GLP provides poor communities in various countries with a means to prepare young people for careers that require strength in S.T.E.M, i.e., science, technology, engineering, and mathematics. GLP transfers surplus teaching materials that enhance the learning of science, technology, engineering and math. GLP’s S.T.E.M pilot in Kenya was initiated in partnership with the community-based organization PAMLO-Amagoro in1999.
The achievements of GLP’s Kenya S.T.E.M pilot include securing S.T.E.M scholarships for poor students at the Jomo Kenyatta University of Agriculture and Technology (JKUAT), and training those scholarship recipients to work in partnership with American students in volunteer work, and in mentoring primary and secondary school students. In 2006 these Kenyan university scholarship recipients organized a district-wide youth PAMLO conference on education, business, and life skills at St. Paul’s Secondary School, Amukura, Teso District, Kenya.
The success of the S.T.E.M Kenya pilot project is the basis of the current GLP push for S.T.E.M projects in poor communities in other countries that are beneficiaries of GLP efforts. GLP works in partnership with other organizations and with individuals to help create and/or equip science, technology and math learning centers, as well as laboratories, in order to prepare students in beneficiary communities for competence and careers in science, technology, engineering and math (S.T.E.M)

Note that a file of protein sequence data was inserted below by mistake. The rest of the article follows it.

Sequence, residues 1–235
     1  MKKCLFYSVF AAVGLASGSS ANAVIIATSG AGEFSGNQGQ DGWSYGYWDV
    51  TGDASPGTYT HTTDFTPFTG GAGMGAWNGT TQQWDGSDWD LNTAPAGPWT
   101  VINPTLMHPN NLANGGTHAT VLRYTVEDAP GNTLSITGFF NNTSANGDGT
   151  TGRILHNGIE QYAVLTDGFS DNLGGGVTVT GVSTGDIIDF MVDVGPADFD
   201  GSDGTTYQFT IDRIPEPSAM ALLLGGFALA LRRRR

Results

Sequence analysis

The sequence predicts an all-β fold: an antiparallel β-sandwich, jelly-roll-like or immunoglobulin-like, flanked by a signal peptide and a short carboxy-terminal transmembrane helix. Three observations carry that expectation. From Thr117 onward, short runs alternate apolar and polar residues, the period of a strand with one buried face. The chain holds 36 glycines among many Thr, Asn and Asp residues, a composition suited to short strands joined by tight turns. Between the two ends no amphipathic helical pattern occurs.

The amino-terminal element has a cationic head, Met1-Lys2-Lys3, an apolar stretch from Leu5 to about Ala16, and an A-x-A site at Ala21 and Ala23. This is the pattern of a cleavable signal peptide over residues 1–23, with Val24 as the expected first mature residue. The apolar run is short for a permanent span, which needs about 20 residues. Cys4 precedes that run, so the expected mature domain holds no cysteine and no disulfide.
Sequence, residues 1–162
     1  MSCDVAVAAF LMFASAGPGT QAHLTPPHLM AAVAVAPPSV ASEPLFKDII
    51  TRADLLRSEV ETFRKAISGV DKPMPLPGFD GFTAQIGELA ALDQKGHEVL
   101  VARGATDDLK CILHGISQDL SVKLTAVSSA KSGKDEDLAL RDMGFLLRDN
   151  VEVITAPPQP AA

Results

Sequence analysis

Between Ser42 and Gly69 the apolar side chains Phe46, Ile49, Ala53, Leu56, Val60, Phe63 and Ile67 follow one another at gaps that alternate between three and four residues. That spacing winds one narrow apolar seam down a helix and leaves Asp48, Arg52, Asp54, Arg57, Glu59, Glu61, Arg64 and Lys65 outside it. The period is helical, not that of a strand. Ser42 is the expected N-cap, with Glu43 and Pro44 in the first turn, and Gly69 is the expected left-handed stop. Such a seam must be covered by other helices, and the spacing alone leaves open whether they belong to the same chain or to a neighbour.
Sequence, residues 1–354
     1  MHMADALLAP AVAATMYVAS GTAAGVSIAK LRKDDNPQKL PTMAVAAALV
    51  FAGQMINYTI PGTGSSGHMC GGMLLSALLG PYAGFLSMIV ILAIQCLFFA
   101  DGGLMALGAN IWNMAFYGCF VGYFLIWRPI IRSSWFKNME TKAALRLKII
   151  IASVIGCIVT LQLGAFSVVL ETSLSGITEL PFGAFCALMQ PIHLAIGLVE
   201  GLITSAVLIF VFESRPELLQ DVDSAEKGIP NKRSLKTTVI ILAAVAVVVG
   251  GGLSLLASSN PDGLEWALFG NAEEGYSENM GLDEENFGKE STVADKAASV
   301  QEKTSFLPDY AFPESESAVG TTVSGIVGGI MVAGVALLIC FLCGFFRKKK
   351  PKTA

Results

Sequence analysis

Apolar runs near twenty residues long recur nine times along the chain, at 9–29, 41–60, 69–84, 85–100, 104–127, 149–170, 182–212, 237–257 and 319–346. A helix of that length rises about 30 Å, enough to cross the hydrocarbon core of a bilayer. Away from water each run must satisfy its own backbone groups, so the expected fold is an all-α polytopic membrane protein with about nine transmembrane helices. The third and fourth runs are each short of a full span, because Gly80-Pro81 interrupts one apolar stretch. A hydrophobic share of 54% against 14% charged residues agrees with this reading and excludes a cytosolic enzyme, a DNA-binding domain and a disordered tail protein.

In most GLP beneficiary communities, the major goal is to get young students excited about science, technology, and math, and to help their parents realize how important it is for their children to do well in the S.T.E.M subjects.
What Many Students Face...
Absence of Science Equipment
In the areas we reach out to, students invariably have to sit national exams. Most are required to demonstrate some science capability yet students will probably have only watched a science experiment, yet they must then show mastery of science laboratory work in order to pass the national examinations.
Read this May 20, 2007 New York Times article for more...
"Africa’s Storied Colleges, Jammed and Crumbling"
Most economically poor communities suffer from a shortage of teachers that are well trained in science, technology, engineering and math. And the absence of appropriate teaching and learning materials worsens the situation. GLP helps by supplying up-to-date reference textbooks, science kits, computers, and training.
GLP also sends pre-trained American student volunteers to work with local stakeholders on ideas of incorporating American reference textbooks, science kits, and computers into local curricula in various countries.
Some GLP learning expeditions are specifically aimed at sending American volunteers to work on S.T.E.M projects in poor rural communities. The American volunteers work with university students from the host country, and with parents and teachers in setting up science laboratories, computer centers, and S.T.E.M learning centers.
Involving All Stakeholders
GLP also pushes to create space for parent and community participation in education. Parents are supported to be intimately involved in school affairs, governance and curriculum. This strategy seeks to place students at the heart of the education spotlight as well as to create an education that is relevant and forward looking.